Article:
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Abstract Croitana aestiva Edwards is one of Australia's most poorly known butterflies. Previously it was known from a total of eight specimens collected in 1966 and 1972 in the MacDonnell Ranges west of Alice Springs in central Australia.
The species was not positively recorded for the next 35 years; however, in February 2007 a population was rediscovered during targeted surveys. Subsequent biological studies were conducted from 2007 to 2010. A reappraisal of adult morphology show that four character states are unique
to C. aestiva. Eggs are creamy‐white and subcircular, with 21–29 longitudinal ribs. First‐instar larvae are creamy‐white, with a dark head capsule and prothoracic plate. Fourth‐ and fifth‐instar larvae have a dark green medial band, a pale
lateral band on each side of the body, and a distinct, highly setose, brown anal plate. The pupae are mainly orange‐brown, darkening anteriorly, with a highly sculptured pupal cap. The larval food plant is the grass Neurachne tenuifolia (Poaceae), which is also endemic to central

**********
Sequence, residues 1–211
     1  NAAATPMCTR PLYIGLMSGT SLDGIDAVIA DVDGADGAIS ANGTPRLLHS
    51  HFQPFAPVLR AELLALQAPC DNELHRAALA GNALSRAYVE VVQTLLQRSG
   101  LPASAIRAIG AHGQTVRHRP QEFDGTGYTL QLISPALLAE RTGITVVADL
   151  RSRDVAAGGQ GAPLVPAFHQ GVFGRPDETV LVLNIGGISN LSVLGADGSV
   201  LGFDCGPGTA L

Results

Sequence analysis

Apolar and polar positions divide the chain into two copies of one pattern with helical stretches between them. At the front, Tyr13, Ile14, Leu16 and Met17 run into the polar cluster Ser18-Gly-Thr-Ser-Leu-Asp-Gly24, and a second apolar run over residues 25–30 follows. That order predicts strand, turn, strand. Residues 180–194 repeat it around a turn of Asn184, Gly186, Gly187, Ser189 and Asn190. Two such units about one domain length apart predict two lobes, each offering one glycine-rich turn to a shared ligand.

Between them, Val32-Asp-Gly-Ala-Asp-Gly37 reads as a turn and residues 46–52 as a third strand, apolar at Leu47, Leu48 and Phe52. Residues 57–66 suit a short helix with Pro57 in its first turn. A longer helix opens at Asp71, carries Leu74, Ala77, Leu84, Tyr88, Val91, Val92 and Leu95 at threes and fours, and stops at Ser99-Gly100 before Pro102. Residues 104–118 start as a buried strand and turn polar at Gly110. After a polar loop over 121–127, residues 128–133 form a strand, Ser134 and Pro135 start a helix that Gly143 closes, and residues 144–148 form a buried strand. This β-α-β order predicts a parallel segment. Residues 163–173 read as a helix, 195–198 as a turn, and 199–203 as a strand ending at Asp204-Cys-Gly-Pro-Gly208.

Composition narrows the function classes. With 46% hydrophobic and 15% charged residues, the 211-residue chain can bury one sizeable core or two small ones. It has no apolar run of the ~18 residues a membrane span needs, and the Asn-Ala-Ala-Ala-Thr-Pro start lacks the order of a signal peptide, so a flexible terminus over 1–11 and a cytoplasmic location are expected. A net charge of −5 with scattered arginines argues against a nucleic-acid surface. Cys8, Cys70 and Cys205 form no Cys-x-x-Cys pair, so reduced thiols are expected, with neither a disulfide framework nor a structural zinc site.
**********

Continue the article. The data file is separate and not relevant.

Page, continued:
Australia. Shelters for all larvae and the pupa are among the leaf sheaths and stems near the base of the tussock. Adults are opportunistic feeders on a wide variety of nectar‐producing plants, and are active throughout the day. Males use patrolling and perching behaviour to locate
receptive females at a range of encounter sites, including the larval food plant and hilltops. Oviposition occurs during late morning, and eggs are laid on the upper surface of blades of the food plant. Comparison of the immature stages of C. aestiva with its congeners indicates
many similarities in general morphology, but there are pronounced behavioural differences such as upward‐orientated shelters.